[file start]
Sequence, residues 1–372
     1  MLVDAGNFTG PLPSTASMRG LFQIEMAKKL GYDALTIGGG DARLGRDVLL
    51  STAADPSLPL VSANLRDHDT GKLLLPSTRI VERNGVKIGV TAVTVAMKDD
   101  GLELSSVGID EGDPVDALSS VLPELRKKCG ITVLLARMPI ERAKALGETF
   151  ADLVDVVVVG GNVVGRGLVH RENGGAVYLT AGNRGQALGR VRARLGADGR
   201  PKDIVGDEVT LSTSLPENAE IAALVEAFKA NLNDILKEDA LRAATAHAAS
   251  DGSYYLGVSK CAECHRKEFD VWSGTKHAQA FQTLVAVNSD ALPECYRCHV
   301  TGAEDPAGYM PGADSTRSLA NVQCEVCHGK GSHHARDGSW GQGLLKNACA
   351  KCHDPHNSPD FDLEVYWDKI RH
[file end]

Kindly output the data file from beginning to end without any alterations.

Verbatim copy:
Sequence, residues 1–372
     1  MLVDAGNFTG PLPSTASMRG LFQIEMAKKL GYDALTIGGG DARLGRDVLL
    51  STAADPSLPL VSANLRDHDT GKLLLPSTRI VERNGVKIGV TAVTVAMKDD
   101  GLELSSVGID EGDPVDALSS VLPELRKKCG ITVLLARMPI ERAKALGETF
   151  ADLVDVVVVG GNVVGRGLVH RENGGAVYLT AGNRGQALGR VRARLGADGR
   201  PKDIVGDEVT LSTSLPENAE IAALVEAFKA NLNDILKEDA LRAATAHAAS
   251  DGSYYLGVSK CAECHRKEFD VWSGTKHAQA FQTLVAVNSD ALPECYRCHV
   301  TGAEDPAGYM PGADSTRSLA NVQCEVCHGK GSHHARDGSW GQGLLKNACA
   351  KCHDPHNSPD FDLEVYWDKI RH